I’ve never met the author (hereafter sometimes referred to as BS), a medical doctor long settled in Australia, but have heard of his reputation as a human-rights campaigner fighting against discrimination and injustice, be they based on ‘race’, religion, caste or skin-colour. Among the recognition he has received is the Canadian Genocide Educators Award (2008). On 13 January 1898 Émile Zola published an open letter to the President of France accusing him of ‘racism’ and injustice in the case of Dreyfus, a member of the small Jewish community. Zola’s ringing J’accuse! is now a common generic expression of outrage and accusation against those who use power unjustly and cruelly. Sexual Violence can be seen as a Sri Lankan “I accuse”, and is dedicated to those who “have no voice, no land, no life and no hope”. (Words within quotation marks, unless otherwise stated, are from this book.) The crime of Tamils is to have been born Tamil, writes BS, and now they are treated as the “spoils of war”. Usually, a war ends when one side surrenders but, sometimes, the aggression continues into (so-called) peace time. Genocide is of two kinds, the second being gradual and relentless, less dramatic, unnoticed by outsiders and, finally, more pernicious (BS). For the accusations he levels, Dr Senewiratne relies, among others, on international publications (including the much-respected medical journal, The Lancet) and, as a medical doctor, on his own examination of some of the victims in Australia.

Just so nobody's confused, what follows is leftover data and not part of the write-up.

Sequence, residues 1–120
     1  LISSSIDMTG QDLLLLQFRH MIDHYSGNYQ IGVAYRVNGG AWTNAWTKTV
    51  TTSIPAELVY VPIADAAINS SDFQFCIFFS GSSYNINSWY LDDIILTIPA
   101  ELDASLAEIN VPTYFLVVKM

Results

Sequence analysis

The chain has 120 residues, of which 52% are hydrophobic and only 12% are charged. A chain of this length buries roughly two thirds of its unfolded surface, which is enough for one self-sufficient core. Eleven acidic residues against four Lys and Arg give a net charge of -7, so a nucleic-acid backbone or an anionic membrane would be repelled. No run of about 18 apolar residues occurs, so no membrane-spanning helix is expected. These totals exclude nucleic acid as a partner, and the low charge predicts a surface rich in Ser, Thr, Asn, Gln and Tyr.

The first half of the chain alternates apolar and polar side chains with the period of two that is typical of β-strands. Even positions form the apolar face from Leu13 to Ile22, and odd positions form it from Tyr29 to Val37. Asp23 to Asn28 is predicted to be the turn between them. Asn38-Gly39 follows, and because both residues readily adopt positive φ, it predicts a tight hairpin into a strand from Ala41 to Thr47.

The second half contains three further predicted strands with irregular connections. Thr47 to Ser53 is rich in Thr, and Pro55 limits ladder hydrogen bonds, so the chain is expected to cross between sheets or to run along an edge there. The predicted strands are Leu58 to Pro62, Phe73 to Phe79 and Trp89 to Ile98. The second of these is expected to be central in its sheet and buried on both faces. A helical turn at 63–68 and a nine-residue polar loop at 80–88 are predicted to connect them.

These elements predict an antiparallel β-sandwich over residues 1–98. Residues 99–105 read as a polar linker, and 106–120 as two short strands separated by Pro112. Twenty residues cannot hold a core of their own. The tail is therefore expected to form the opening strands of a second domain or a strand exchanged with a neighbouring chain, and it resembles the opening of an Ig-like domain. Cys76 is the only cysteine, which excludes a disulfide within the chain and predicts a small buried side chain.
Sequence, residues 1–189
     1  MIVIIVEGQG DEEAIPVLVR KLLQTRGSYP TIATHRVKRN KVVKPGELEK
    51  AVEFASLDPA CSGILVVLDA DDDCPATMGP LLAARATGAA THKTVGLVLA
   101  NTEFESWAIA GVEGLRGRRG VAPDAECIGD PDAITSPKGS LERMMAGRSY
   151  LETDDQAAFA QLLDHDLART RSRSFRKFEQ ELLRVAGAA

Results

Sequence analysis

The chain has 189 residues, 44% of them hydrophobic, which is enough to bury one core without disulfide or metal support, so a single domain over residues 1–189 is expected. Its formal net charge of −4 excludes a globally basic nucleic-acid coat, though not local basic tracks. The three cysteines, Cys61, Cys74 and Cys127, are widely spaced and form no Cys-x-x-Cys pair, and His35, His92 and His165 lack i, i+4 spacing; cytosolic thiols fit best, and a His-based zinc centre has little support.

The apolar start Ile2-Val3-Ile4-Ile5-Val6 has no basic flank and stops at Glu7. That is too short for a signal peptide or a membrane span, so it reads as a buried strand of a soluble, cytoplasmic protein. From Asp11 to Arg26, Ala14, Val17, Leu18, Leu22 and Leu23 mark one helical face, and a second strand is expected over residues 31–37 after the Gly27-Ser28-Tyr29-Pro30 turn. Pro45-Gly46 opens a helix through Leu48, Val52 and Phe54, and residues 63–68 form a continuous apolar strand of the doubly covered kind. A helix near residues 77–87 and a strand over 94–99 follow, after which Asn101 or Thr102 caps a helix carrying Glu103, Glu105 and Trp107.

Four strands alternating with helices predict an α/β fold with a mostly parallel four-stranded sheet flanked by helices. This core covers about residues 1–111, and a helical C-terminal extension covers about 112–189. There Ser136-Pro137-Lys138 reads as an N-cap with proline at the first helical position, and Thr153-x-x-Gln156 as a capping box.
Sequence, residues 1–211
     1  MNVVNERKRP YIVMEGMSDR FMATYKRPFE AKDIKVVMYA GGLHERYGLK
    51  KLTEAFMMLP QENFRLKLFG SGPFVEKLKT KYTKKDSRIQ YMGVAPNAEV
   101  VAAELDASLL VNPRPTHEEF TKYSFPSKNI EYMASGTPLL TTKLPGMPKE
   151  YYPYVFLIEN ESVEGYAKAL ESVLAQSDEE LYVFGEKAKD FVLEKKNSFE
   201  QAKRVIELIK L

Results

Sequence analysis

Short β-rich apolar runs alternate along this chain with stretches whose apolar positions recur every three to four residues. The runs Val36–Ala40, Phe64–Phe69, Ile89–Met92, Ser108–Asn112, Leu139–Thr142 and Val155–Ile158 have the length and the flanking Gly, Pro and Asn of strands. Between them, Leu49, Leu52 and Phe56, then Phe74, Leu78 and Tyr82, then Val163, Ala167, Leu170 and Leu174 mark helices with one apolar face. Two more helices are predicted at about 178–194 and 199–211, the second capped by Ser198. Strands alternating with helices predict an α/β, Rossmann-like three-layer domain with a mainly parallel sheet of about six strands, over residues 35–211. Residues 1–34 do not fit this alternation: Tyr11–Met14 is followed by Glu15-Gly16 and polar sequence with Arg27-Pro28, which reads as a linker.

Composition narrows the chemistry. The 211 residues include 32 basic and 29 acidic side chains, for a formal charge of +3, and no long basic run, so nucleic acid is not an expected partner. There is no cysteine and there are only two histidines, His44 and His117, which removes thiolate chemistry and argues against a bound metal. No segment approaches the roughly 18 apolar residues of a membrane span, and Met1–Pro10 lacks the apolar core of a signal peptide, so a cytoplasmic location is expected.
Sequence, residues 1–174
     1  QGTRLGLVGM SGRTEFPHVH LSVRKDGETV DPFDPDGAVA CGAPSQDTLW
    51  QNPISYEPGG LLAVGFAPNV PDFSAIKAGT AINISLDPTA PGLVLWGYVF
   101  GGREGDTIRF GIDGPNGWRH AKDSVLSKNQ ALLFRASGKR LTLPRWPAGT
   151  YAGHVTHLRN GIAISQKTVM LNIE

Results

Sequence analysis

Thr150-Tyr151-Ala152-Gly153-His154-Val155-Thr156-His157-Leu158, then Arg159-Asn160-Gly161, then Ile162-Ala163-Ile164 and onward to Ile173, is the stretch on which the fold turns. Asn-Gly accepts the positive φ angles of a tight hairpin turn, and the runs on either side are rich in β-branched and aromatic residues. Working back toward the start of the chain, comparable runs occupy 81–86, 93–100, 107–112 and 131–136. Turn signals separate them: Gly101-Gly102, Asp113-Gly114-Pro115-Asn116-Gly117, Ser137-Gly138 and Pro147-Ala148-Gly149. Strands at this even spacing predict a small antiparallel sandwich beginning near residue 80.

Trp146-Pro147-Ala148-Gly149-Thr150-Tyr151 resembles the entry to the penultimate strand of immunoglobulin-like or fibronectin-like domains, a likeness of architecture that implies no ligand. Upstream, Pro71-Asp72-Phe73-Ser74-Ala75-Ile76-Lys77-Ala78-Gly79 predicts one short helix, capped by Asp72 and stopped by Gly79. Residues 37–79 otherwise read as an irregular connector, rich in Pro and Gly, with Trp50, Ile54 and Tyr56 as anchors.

Courtesy: Colombo Telegraph